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Do not spend marketing dollars because you think you need to. Promote a purpose, market a vision.

A man sitting at a desk writing notes

Posted On December 1, 2019

“You got to spend money to make money” is arguably the oldest marketing adage in existence.  Yet, despite being the epitome of marketing clichés, it is nonetheless a major factor in a business’ success. 

However, marketing and advertising are one of those expenses which can almost feel like a dreaded obligation – right up there with tax season.   Because business owners perceive marketing and advertising spending as an unavoidable budget item, the tendency to throw money into various medias without much thought can be an all too easy pitfall.

This is why marketers need to take a step back, analyze their business needs, and develop a marketing plan which conforms to a grander vision and purpose.

What is your customer demographic?

A few years ago, I was meeting with a potential client.  The first inquiry I made to her was in regards to her ideal customer.  Her response was a gleefully generic, “well, anyone can be my customer!” 

Mind you, she ran a high-end female boutique.  

Ambitious optimism isn’t necessarily a bad attitude to harbor, but such a mindset easily lends itself to an all-too-common naivety amongst business owners.  The reality this boutique owner had to acknowledge was that, no, not everyone was her potential customer.  

While we worked through a thought experiment, we began to narrow down her audience demographic.  We not only considered average household income (again, her products were quite pricey) and female shoppers, but we drilled even deeper by factoring in personal fashion preferences.  Despite an audience segment seeming to fit the profile as a potential customer, chances are only a small percentage of that general demographic pool is likely to respond or engage with her brand.

Whittling down an audience profile can prevent marketing dollars from going to waste on delivering to consumers who have little to no interest in what you have to offer.

When was the last time you conducted market research in your area?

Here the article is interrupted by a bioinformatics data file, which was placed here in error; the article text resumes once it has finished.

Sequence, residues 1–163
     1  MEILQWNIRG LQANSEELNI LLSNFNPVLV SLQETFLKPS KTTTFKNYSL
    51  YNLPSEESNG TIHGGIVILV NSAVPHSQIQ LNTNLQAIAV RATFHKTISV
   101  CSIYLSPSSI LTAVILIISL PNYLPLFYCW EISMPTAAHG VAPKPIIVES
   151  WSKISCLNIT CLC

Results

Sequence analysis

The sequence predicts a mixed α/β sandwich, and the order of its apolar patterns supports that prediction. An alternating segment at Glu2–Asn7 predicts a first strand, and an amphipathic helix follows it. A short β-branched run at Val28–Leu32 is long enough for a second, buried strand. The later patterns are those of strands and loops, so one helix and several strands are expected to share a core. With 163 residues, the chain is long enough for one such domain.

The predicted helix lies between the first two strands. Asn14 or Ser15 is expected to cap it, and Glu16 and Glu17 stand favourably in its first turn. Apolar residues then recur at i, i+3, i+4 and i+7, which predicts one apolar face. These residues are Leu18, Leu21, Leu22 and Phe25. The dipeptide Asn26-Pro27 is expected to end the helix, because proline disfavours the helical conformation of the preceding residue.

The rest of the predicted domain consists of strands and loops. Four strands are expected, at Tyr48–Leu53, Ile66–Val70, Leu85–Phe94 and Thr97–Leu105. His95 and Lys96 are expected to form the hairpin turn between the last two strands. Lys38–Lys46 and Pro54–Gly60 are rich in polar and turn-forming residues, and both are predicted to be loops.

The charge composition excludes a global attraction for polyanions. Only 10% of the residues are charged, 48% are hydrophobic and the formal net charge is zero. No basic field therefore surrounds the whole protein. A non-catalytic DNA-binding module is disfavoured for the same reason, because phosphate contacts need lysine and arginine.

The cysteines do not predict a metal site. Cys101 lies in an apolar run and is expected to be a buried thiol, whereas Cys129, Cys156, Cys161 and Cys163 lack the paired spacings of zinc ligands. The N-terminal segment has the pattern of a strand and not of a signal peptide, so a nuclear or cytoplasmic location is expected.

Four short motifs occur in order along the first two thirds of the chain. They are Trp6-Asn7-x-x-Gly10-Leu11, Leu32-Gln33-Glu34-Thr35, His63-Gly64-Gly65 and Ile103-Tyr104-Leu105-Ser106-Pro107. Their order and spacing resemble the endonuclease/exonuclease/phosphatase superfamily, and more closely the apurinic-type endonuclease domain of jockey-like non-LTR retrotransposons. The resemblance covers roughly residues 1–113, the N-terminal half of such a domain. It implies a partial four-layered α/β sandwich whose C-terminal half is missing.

Another insight which came out of that initial meeting with the boutique owner was that she had competition around nearly every corner –  her market area had an unusually high number of boutiques. She indicated her decision to open her boutique was two-fold: she personally liked the particular brands she wanted to sell, and none of her competitors offered them.  She had a handful of friends who were also fans of those clothing brands.

Beyond herself and her friends, she admitted she had no idea if there was even a market demand in her area for that brand.  Before opening, she never even considered conducting market research to determine if her business plans were feasible, what obstacles would she need to overcome, how quick or slow could she expect to expand.  Three years in business and she was just now confronting these crucial questions.

Conducting market research is an essential component of running a business.  Ideally this is one of the first steps in starting a business, in the research phase.  Even for well-established brands, conducting periodic market research helps marketers keep a pulse on consumer trends and behaviors, factor in newer competitors and technologies, and changes in the economic environment.

What are your goals and plans?

I made it clear throughout our meeting that I wasn’t there to sell a marketing product, I wanted to provide her with the tools and strategies to help her meet her business goals.  She was not expecting this and caused her to think, what exactly were her goals?

Naturally, people go into business to generate revenue and earn a profit.  Year over year, business owners want to see those revenues and profits grow.  Without any insights gained from market research efforts, it can be difficult to establish what those other goals ought to be.

One thing this boutique owner did not consider was expanding her shop online.  Sure, her website listed the brands and merchandise available in her boutique, as did most of her competitors.  But neither she nor any of the other local boutiques had any e-commerce strategies in place. 

Similarly, market research can guide in determining which areas brick-and-mortar locations would thrive best.  This opened our conversation to the prospect of launching auxiliary locations elsewhere. The idea had been lingering in the back of her mind to possibly open a new store in the next town at some point.  

Too often, businesses – small and large – spend their marketing dollars frivolously, and this waste almost always derives from not having established business goals.  Marketing with purpose, actively promoting a brand vision, can guide you in setting your business’ short- and long-term objectives.  


Building Brands Marketing & Consulting is a full-service marketing consulting firm located in Victoria, TX serving businesses from Victoria to Katy, and the entire Gulf Coast region in between.  Our process is designed to empower your brand and outfit your business with the marketing tools needed for you to succeed. We work with you to understand your business objectives and we offer strategies that will achieve your marketing objectives.  Talk to us today about how we can support your growth, limit your turnover, and put you on a solid track toward success and profit.


Adam Mahan

Adam Mahan is a guest columnist for Building Brands Marketing & Consulting, and has over ten years of experience in telecommunication and digital tech sales and marketing.

Written by Adam Mahan

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